Before the sun has made its appearance on day 2, Polite and I set off on our game drive through the Zambezi National Park. The 150,000 acres makes it the ideal spotting place for safari creatures of all shapes and sizes.
As the rising sun heralds the onset of a new day, we sit in quiet amazement as the colorful hues paints the canvas for a magnificent day in the bush. Polite stops at the base of a baobab, showing me that an elephant tried to debark the tree, but much to our amusement, the tree ‘won’ as the elephant lost a piece of his tusk. A white-backed vulture is perched in a tree, waiting for the day to warm up enough to enable it to soar on the thermals.
It is evident from the overflow of young mammals that the breeding process was successful – zebra, giraffe, impalas, warthogs, baboons and vervet monkeys are showing off their babies. As we approach a stream, a baboon is enjoying a grooming session from his lady to such an extent that he falls over, fast asleep while she meticulously picks off everything that shouldn’t be present on his furry body.
Three European bee-eaters are sitting on a bare tree branch, seemingly levitating. Polite finds a nice stop along the river for us to stretch our legs and have that much-needed morning refreshment with home-made rusks and crunchies.
I spend the remainder of my day enjoying all the offerings at Victoria Falls Island Lodge, appreciating the most incredible meals, lovingly prepared by Leo. Nkyaniso is always at hand without being intrusive and his ever-present smile is contagious. My suite is the best place to take respite from the heat and never napping in the afternoon, I indulge in what seems like the logical thing to do in such a wonderous location. After a quick dip in my plunge pool, I set out for the afternoon activity.
Instead of going on a river cruise, I am offered by Polite to go on another game drive. Some very muddy warthogs are foraging at Victoria Falls River Lodge in search of food. Trying to find elephants seems like a futile exercise as Polite explains to me that Zambezi National Park shares unfenced borders with Chobe, so animals are free to roam wherever they want to go. He had hardly uttered the words, when in a dense area, two elephant bulls walk between the foliage, a case of ‘now you see me … now you don’t’.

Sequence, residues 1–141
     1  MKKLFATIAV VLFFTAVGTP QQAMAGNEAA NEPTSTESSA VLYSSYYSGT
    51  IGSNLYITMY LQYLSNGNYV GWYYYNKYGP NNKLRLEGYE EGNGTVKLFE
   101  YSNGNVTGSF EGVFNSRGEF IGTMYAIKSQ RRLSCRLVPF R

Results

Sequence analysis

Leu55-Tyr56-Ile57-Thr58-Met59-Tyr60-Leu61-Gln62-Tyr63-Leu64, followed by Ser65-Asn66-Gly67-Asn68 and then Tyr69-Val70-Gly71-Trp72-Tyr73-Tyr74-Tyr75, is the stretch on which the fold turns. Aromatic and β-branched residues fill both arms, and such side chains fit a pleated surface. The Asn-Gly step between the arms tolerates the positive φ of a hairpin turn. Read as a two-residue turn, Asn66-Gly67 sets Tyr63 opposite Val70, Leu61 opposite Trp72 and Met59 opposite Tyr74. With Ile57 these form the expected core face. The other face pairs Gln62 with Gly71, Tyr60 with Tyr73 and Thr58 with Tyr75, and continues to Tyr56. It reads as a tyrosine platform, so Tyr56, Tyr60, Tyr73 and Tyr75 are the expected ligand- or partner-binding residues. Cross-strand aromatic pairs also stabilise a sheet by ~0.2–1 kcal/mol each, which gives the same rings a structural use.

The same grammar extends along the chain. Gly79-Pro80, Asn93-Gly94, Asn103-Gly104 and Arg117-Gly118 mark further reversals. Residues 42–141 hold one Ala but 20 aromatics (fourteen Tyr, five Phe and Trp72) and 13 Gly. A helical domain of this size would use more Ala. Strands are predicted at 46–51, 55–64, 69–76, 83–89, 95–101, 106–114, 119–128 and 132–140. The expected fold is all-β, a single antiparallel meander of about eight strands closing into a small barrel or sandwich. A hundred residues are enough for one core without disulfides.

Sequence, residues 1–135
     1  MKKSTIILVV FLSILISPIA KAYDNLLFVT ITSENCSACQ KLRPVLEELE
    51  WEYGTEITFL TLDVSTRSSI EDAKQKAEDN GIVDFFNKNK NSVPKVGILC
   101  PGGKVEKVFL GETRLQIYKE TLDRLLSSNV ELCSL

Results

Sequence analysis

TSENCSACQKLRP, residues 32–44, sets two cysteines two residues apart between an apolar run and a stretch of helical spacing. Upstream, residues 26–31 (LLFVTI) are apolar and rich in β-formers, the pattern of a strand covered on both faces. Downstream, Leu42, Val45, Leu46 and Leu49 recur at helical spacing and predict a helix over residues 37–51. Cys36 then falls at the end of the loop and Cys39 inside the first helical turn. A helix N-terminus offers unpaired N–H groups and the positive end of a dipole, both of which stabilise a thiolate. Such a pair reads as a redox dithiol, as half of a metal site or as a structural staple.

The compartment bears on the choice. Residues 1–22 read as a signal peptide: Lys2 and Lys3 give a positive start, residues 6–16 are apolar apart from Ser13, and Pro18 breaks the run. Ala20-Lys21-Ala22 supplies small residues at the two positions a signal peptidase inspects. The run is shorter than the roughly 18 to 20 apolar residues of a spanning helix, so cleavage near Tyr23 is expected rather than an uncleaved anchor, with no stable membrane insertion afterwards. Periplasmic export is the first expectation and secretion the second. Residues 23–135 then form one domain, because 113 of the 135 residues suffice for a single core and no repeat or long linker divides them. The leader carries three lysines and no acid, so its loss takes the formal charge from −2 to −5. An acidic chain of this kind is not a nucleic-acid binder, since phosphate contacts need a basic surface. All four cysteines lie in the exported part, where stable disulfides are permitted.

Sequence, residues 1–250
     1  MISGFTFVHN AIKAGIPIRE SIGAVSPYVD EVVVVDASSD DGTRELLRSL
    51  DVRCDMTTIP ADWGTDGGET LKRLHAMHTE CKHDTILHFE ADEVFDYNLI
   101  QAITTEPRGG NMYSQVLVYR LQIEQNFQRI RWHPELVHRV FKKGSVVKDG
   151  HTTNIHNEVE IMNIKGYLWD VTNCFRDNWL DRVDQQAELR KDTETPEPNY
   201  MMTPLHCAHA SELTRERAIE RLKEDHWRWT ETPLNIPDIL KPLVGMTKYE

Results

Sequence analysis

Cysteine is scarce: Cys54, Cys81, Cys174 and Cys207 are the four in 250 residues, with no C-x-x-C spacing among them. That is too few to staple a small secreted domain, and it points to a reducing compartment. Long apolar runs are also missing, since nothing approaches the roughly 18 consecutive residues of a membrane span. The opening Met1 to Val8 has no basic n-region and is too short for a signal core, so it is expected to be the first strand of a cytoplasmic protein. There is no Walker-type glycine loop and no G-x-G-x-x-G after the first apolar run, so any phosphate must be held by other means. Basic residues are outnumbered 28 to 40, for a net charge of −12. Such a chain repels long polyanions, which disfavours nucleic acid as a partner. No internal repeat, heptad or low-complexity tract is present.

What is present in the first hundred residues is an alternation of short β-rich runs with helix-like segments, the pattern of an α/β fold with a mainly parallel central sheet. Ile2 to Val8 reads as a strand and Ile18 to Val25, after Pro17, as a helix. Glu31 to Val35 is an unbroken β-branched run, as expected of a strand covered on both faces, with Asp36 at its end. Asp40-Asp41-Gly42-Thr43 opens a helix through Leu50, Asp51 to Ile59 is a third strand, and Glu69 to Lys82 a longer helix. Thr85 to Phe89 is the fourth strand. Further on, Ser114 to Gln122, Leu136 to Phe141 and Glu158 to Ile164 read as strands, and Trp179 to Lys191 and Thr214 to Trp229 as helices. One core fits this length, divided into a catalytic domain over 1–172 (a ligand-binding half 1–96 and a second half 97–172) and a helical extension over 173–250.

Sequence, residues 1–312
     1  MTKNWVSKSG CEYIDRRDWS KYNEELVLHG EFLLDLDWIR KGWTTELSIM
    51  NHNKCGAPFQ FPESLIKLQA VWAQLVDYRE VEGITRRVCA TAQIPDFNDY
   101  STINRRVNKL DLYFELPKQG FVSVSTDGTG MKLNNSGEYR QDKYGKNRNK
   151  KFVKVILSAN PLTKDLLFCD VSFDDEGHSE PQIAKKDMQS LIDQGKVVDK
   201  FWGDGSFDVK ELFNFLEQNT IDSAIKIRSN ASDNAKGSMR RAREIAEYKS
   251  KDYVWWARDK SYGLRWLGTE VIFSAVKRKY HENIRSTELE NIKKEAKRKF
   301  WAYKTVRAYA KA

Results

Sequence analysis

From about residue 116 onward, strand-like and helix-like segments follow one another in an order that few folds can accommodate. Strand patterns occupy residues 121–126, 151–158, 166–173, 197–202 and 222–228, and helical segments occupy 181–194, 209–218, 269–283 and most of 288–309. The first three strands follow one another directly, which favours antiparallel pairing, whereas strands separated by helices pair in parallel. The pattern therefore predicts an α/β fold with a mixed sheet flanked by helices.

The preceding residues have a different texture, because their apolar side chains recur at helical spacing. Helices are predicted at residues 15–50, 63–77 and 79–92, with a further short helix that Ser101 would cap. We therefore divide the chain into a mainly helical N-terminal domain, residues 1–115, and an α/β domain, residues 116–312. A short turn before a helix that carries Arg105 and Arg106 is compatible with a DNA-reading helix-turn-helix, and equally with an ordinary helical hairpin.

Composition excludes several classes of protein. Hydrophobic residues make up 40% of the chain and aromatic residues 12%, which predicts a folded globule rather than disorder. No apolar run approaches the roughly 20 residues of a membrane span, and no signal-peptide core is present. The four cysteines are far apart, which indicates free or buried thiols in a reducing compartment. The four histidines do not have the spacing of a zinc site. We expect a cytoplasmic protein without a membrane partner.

A very vocal red-necked spurfowl scurries across the path and on our way back to the lodge; we encounter a grey hornbill, a lilac-breasted roller and a white-fronted bee eater. The most incredible electric storm is brewing over the Zambezi and we make it back to the lodge just in time before the rain starts.
After a great night’s sleep, our final game drive looks like it might be rained out, but we persevere and spot loads of zebra, giraffe, a waterbuck family and some naughty baboons stripping the bark off the base of a tree in search of gum. Back at the lodge, it is time for me to start packing up, but not before promising to return with my family, very soon.
For the family:
Victoria Falls River Lodge is the perfect escape for the whole family. Situated across the way from Victoria Falls Island Lodge, the river-fronted suites face the great Zambezi river.
The first private lodge to be built-in the Zambezi National Park, you have a choice of luxury or family tents with spacious interiors of between 110 and 113 square meters, each with a private deck and plunge pool.
Views expressed are the author’s own.
Thank you to Kim Beyers for making all my arrangements and for Victoria Falls Island Lodge for hosting me.
| Photographs by Heléne Ramackers
Airlink – How to Get There:
- Airlink is a privately owned airline business. The Regional Feeder Airline, offers a wide network of regional and domestic flights within southern Africa and operates as a franchisee to SAA
- Route Specific Information: Travel extraordinary with Airlink’s direct flights, between Cape Town and Victoria Falls, Zimbabwe. Combine iconic Cape Town with the majestic Victoria Falls, one of the Seven Natural Wonders of the World, or take the opportunity to travel onwards to Hwange National Park to see wild dog, lion, leopard and cheetah. Travel onwards to other key leisure destinations such as Chobe, the Okavango Delta, the Kruger National Park, or even visit an Indian Ocean Island in Mozambique – Bazaruto or Benguerra.
- Connectivity: Through our alliance with SAA travelers connect conveniently with SAA, their Partner airlines and other carriers throughout Southern Africa and the world.
- Frequent Flyer Programme: Airlink is a member of South African Airways Loyalty programme – Voyager.
- Flight Bookings: Online, booking agent or SAA Central Reservations on +27 11 978 1111.
- Website: www.flyairlink.com
– Victoria Falls Island Lodge is situated in a malaria area. Speak to your healthcare practitioner about prophylactics.
– US Visitors need a Visa when entering Zimbabwe.
– US Dollars are widely accepted as well as major credit cards.